EDITORIAL. ‘Without palm oil’, useful information that the Malaysia pavilion at the Expo seeks to discredit

EDITORIAL. ‘Without palm oil’, useful information that the Malaysia pavilion at the Expo seeks to discredit

We have been following for years and with increasing interest the tragic events of land robberies – called land grabbing – and deforestation linked to the production of palm oil in tropical countries. Up to launching a petition, signed by Great Italian Food Trade and Il Fatto Alimentare, aimed at enforcing the exclusion of palm from food production. With a clear objective, to put a stop to a question that still continues to find answers that are not compatible with the rights of local people and biodiversity protection. We have collected more than 150 thousand signatures, as well as a following of the press, and now we come across the first reaction of the producers. The worst and the most out of place.


A huge signboard stands out at the Expo, at the Malaysian pavilion, stating the supposed illegitimacy of information such as ‘without palm oil’, or ‘Palm Oil Free’, on food labels. The sign does not refer to the Malaysian legislation concerning labels – from which you might even expect a position in favor of the palm, of which Malaysia and Indonesia are the first global exporters – but to the European, the French and Belgian legislation. Not even referring to specific laws, but to the opinion of ‘experts in the legal field’ and ‘a renowned law firm’ that – at the service of palm oil producers – has expressed a questionable interpretation, by its very nature, of the 1169/2011 EU Regulation (called Food Information to Consumers). 

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It’s a vicious circle. It must be remembered that the resounding success of palm oil, in Europe as well as in the US, is associated with the widespread use – in the labeling and advertising of a myriad of food products, especially baked ones – of the entries’ hydrogenated fat ‘and’ without hydrogenated oils’. Just when global consumers were made aware of the dangers to their health of the c.d. artificial trans-fatty acids, deriving from the partial hydrogenation of seed oils, large industries replaced the latter with the palm that, in addition to costing less than everything else, is solid in itself without any need to be hydrogenated. And if we wanted to take a step back again, we might remember that hydrogenated oils were introduced in Europe at the time with directions on the label such as ‘without butter’, after the media campaign of demonization of butter whose authorship is attributed to the all too obvious large producers of vegetable margarines.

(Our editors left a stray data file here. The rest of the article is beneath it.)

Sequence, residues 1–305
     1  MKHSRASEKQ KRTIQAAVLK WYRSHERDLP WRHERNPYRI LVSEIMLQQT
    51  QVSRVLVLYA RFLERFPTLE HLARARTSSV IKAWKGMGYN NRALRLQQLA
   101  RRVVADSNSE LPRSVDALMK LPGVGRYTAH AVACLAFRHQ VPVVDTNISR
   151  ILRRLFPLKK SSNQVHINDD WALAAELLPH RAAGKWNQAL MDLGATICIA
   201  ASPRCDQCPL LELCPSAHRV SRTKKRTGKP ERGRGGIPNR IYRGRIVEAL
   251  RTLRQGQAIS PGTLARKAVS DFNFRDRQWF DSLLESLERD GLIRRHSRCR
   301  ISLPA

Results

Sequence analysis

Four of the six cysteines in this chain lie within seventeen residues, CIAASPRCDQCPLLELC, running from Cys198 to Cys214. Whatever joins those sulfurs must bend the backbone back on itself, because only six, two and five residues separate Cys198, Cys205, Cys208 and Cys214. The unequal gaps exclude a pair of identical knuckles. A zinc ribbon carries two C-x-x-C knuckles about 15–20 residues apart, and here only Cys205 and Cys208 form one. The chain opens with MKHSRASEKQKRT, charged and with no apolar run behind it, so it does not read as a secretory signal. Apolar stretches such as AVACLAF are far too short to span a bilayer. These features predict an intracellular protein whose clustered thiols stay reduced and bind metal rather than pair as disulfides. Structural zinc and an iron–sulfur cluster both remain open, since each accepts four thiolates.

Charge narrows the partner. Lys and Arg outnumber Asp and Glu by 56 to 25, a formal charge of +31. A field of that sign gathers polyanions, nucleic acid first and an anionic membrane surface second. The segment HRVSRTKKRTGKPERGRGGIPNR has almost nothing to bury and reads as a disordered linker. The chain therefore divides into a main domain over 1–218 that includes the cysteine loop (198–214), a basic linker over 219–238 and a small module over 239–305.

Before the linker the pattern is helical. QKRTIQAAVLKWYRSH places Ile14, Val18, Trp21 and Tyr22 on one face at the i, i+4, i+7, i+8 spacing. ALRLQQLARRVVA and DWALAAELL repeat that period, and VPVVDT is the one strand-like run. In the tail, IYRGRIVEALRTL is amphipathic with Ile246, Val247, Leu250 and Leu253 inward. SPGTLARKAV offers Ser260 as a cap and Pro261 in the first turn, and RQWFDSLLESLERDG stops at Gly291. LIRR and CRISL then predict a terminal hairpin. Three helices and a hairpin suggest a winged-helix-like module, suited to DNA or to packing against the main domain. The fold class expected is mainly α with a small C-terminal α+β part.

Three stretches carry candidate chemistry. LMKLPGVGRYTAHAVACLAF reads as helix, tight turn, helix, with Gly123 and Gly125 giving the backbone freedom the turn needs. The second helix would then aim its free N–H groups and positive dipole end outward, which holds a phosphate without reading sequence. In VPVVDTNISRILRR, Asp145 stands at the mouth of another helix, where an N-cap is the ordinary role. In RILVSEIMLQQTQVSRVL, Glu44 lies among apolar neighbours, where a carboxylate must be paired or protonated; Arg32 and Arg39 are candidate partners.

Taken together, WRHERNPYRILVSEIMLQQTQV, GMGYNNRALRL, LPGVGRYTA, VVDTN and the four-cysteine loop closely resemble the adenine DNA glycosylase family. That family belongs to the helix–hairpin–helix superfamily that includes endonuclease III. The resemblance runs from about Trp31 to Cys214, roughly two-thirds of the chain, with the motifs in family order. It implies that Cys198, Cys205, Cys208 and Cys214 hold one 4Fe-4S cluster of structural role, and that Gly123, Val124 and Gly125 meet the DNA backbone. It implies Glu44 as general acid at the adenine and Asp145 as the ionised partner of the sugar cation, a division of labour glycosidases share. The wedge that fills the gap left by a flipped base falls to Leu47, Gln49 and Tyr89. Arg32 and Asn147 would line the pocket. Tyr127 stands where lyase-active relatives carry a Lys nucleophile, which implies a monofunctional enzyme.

Under the EU regulation 1169/2011, ‘the provision of food information tends to a high level of protection of consumers’ health and interests by providing a basis for final consumers to make informed choices and to use food safely, respecting in particular health, economic, environmental, social and ethical deliberations (Article 3 General objectives). On this basis, it is certainly permissible to use the label of optional information – including that relating to the ingredients – provided they are clear, understandable and truthful, therefore demonstrable. Without ever suggesting ‘that the food possesses special characteristics when in fact all similar foods possess such characteristics, in particular highlighting explicitly the presence or absence of certain ingredients and / or nutrients’ (Article 7.1.c , fair information practices). 

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The environmental, economic, social and ethical issues linked to a conscious choice of consumption are therefore reflected in a variety of commercial pieces of information accompanying foods. Indications such as ‘GM-free’, ‘vegetarian’, ‘vegan’, ‘no pork’, ‘no alcohol’, ‘no additives’, ‘no artificial colors’, now ‘without palm oil’ in fact respond to the needs of values of each of us, dictated by religious beliefs or feelings and thoughts. Fundamental human rights protected by the constitutions and relevant treaties. Respecting the freedom of choice of each individual, on how to produce and what to buy.

(Dario Dongo)